Our pediatrician is not too concerned at the moment, as long as there is an upward trend in Milo’s weight gain, however small that might be.  Also, he is on the chart in height–currently 27 inches.  We do note that Milo is an extremely active baby and always has been.  He is constantly moving, crawling, climbing, bouncing.  Our pediatrician thinks this could account for the slow weight gain–he’s just burning off the calories faster than we can feed him.

Both grandmas think we should be spoon-feeding Milo to get more down him (see previous post on Baby Led Weaning), but we are quite confident this is not the problem.  Milo has a friend, born on the exact same day, who is also feeding himself by Baby Led Weaning and he weighs over 20 pounds.

At this point, Milo refuses to be fed by the spoon anyway.  But he still eats plenty.  A typical lunch includes the following:

Milo stuffing his face with carnitas

  • 2 slices of pear with soy butter   (188 calories)
  • 2 pieces of roast beef   (100 calories)
  • 6 chunks of sweet potato  (100 calories)
  • 1/4 cup of whole milk yogurt  (85 calories)
  • 2 slices of cantaloupe  (35 calories)
  • 4 tablespoons hummus with pita bread  (150 calories)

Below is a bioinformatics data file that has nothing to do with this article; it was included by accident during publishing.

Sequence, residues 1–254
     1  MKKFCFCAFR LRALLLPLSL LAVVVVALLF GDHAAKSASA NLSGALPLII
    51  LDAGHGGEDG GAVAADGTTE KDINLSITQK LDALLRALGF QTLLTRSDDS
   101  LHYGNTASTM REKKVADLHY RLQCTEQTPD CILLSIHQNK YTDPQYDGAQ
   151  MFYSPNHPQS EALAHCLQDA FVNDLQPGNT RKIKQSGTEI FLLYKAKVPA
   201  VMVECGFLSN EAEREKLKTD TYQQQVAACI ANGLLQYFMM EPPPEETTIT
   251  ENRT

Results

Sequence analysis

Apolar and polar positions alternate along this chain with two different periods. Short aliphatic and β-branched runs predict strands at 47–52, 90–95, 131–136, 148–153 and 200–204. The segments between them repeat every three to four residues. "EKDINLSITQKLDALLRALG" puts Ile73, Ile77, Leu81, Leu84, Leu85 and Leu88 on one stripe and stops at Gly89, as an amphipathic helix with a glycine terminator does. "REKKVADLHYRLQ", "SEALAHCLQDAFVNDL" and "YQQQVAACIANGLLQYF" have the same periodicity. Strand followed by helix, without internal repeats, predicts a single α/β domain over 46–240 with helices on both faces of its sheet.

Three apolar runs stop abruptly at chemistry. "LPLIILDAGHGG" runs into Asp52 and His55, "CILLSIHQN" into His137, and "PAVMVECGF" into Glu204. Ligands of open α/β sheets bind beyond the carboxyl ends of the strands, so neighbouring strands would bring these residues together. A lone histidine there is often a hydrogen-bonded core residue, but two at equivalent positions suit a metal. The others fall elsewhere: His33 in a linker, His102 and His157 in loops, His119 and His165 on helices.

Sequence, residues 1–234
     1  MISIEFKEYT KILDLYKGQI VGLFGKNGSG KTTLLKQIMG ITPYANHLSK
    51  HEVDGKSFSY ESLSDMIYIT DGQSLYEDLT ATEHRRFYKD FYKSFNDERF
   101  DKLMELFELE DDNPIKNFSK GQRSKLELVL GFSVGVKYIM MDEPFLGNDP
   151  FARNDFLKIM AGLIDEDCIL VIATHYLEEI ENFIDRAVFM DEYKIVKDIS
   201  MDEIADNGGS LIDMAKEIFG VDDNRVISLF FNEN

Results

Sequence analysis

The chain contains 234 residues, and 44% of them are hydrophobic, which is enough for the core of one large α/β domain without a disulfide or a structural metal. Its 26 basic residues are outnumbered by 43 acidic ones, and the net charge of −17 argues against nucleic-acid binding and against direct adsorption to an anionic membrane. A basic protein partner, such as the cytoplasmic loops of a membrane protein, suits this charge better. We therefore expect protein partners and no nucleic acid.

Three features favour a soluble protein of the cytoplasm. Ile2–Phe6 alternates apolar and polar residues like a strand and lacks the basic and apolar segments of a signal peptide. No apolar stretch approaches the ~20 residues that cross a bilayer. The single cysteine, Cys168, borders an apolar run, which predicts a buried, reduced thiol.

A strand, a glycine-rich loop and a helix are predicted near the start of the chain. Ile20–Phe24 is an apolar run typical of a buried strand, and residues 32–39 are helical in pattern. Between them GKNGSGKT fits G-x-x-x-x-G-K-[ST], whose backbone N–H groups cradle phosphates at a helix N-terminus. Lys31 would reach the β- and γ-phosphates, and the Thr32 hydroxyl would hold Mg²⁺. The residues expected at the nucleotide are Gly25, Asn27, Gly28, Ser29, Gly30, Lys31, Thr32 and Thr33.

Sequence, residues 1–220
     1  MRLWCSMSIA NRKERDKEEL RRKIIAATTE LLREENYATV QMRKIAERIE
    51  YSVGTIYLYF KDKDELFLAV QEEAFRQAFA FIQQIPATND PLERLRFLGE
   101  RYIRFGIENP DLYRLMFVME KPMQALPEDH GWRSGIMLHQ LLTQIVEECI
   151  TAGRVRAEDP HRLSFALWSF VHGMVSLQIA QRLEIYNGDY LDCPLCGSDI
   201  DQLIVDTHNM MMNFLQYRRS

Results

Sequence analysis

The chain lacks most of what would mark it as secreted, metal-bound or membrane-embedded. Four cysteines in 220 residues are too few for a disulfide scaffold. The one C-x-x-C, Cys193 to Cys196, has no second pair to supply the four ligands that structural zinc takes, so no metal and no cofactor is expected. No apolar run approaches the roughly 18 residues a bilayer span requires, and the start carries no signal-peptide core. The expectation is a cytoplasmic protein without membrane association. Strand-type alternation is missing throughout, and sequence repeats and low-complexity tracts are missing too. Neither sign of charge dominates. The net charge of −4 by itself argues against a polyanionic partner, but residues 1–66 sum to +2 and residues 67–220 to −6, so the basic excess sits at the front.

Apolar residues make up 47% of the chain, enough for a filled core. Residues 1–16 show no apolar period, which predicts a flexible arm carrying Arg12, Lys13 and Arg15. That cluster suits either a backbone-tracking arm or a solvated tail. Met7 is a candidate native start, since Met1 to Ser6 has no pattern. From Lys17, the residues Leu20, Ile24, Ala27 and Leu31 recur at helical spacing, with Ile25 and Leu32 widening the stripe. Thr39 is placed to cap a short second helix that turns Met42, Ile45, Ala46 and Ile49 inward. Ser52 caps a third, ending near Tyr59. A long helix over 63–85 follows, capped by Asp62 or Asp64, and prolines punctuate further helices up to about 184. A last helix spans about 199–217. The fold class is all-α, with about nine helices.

TOTAL  = 658 calories

That’s a big meal!

Still, because of Milo’s high metabolism, we’ve been charged with trying to feed him even more calories.  In particular, more fat.  So now we pour olive oil into his vegetables and dunk his fruit into yogurt mixed with coconut milk.  We fry up his sweet potatoes in bacon fat.  We slather butter onto his bread.  It’s a totally different diet from one we might consider “healthy.”

I’m not entirely sure the added fat will make a difference, as I note Milo eating a little less when we make his food richer.  It makes sense.  He’s used to self-regulating his food intake, so he stops when he’s satisfied.  He’s not waking up hungry every hour at night (he feeds 1-2 times at night), so that would seem to indicate he’s getting enough food and calories during the day.